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Argent Holdings, LLC v. East El Paso Physicians Medical Center, LLC

United States District Court, W.D. Texas, El Paso Division

January 16, 2018

EAST EL PASO PHYSICIANS MEDICAL CENTER, LLC, d/b/a Foundation Surgical Hospital of El Paso, et al., Defendants.



         On this day, the Court considered “Defendant Stanton Nelson's Motion to Dismiss Defendant East El Paso Physicians' Medical Center, LLC's Crossclaim” (“Motion to Dismiss”) (ECF. No. 62).[1] After reviewing the parties' moving papers and the applicable law, the Court orders that Nelson's Motion to Dismiss is HEREBY GRANTED IN PART AND DENIED IN PART as set forth herein.

         I. BACKGROUND

         On June 28, 2017, Argent filed suit against Defendants East El Paso Physicians' Medical Center, LLC d/b/a Foundation Surgical Hospital of El Paso (“EEPPMC”), Foundation Surgical Hospital Holdings LLC, Randstad Professionals US, LLC d/b/a Tatum, Stanton Nelson, and Justin Bynum (collectively, “Defendants”). (ECF. No. 1). Thereafter, on August 4, 2017, Argent filed its Amended Complaint against Defendants. (ECF. No. 15). Argent asserts various causes of action related to a “Receivables Purchase and Sales Agreement” for the purchase of medical debt. (Id.).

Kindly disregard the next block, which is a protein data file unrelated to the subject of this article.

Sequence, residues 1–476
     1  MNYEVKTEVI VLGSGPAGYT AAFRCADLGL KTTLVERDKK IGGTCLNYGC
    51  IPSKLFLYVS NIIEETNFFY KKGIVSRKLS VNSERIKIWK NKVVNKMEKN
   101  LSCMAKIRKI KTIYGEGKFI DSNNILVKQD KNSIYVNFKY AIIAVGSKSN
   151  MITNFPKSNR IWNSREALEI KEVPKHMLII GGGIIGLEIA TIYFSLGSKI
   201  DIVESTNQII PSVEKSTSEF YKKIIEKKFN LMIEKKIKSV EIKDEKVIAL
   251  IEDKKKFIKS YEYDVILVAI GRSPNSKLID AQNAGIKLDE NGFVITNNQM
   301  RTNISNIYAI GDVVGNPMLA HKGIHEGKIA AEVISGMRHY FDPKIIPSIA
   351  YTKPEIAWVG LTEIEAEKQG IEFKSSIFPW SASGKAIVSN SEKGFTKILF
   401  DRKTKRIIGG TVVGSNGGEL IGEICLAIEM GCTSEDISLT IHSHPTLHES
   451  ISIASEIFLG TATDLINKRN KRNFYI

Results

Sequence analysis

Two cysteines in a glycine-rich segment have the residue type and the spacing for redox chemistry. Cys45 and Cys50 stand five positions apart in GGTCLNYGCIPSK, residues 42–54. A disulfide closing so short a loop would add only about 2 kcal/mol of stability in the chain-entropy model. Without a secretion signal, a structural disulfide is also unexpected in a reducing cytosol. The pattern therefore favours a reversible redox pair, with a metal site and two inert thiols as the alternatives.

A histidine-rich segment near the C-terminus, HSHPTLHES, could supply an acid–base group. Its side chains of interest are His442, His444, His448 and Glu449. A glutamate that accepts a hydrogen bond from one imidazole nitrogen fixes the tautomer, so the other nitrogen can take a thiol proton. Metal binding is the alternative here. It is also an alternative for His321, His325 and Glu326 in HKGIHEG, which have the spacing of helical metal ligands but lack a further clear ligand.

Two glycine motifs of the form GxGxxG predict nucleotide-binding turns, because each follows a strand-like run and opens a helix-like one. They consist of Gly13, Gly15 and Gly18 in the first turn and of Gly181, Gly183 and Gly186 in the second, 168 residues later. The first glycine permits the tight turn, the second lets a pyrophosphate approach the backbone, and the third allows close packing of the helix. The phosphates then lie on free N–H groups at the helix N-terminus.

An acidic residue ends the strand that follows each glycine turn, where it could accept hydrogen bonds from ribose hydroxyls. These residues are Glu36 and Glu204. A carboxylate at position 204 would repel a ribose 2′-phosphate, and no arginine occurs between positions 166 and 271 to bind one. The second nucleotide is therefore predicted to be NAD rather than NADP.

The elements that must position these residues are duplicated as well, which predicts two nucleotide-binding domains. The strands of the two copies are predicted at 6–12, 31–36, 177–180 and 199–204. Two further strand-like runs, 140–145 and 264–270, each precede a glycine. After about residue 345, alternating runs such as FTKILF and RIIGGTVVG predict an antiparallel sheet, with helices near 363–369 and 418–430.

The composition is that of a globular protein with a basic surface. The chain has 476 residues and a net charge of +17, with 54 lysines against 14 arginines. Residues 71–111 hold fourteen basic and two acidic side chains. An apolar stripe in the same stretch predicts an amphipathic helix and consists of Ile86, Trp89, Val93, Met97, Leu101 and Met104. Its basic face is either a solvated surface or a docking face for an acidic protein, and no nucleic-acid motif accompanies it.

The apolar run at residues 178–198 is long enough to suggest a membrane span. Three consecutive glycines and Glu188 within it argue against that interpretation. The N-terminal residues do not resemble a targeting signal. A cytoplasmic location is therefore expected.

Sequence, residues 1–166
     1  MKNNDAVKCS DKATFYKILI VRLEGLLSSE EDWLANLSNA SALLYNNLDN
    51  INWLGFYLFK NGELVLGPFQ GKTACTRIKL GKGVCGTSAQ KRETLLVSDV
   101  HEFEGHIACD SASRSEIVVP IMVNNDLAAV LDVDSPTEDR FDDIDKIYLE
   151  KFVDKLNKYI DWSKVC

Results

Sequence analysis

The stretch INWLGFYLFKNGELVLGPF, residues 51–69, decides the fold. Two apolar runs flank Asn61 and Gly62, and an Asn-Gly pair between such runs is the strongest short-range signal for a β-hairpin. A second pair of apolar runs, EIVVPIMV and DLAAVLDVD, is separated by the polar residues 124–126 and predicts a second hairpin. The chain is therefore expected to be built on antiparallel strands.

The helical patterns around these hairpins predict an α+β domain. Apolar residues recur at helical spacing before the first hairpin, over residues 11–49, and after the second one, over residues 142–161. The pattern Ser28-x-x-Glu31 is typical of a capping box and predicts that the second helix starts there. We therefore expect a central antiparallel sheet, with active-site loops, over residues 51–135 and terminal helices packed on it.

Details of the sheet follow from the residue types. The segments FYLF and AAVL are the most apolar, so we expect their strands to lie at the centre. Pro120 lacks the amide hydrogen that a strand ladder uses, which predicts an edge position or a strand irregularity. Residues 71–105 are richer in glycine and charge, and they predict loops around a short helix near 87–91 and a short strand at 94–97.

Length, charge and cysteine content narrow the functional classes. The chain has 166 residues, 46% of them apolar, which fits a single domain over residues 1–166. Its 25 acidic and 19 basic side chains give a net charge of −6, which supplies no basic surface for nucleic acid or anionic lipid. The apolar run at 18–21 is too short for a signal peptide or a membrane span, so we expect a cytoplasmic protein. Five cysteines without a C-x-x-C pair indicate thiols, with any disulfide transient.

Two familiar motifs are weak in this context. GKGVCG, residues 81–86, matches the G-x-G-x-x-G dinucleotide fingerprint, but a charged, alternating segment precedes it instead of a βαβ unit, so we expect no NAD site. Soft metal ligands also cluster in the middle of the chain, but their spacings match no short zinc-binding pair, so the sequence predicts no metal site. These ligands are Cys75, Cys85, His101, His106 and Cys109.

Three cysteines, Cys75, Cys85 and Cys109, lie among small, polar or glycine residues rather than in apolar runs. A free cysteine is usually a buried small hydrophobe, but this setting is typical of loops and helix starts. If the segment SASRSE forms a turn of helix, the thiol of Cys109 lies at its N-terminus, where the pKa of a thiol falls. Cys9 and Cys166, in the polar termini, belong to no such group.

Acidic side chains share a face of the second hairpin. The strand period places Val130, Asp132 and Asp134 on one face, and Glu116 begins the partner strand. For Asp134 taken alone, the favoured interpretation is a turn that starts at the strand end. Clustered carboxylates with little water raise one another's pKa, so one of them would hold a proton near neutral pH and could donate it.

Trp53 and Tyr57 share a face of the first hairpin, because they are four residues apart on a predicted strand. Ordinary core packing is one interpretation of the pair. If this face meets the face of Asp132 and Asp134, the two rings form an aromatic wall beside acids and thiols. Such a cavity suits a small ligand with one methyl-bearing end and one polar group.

Subsequently, EEPPMC filed an amended answer containing crossclaims against Justin Bynum, Stanton Nelson, and Foundation Surgical Hospital Holdings and counterclaims against Argent. (ECF. No. 57). Relevant here, EEPPMC asserts claims against Nelson for fraudulent misrepresentation, fraudulent inducement, negligent representation, and conversion. (ECF. No. 57, p. 11-15).


         Rule 8 of the Federal Rules of Civil Procedures requires “a short and plain statement of the claim showing that the pleader is entitled to relief.” Fed.R.Civ.P. 8(a)(2). To survive a Rule 12(b)(6) motion to dismiss, a complaint must contain “sufficient factual matter, accepted as true, to state a claim to relief that is plausible on its face.” Ashcroft v. Iqbal, 556 U.S. 662, 678 (2009) (internal quotation marks and citation omitted). “A claim has facial plausibility when the plaintiff pleads factual content that allows the court to draw the reasonable inference that the defendant is liable for the misconduct alleged.” Id. (citation omitted). “Factual allegations must be enough to raise a right to relief above the speculative level, on the assumption that all the allegations in the complaint are true (even if doubtful in fact).” Bell Atl. Corp. v. Twombly, 550 U.S. 544, 555 (2007) (citations omitted). Consequently, a complaint requires more than “labels and conclusions, and a formulaic recitation of the elements, ” and must state more than “an unadorned, the-defendant-unlawfully-harmed-me accusation.” Id.; Iqbal, 556 U.S. at 678.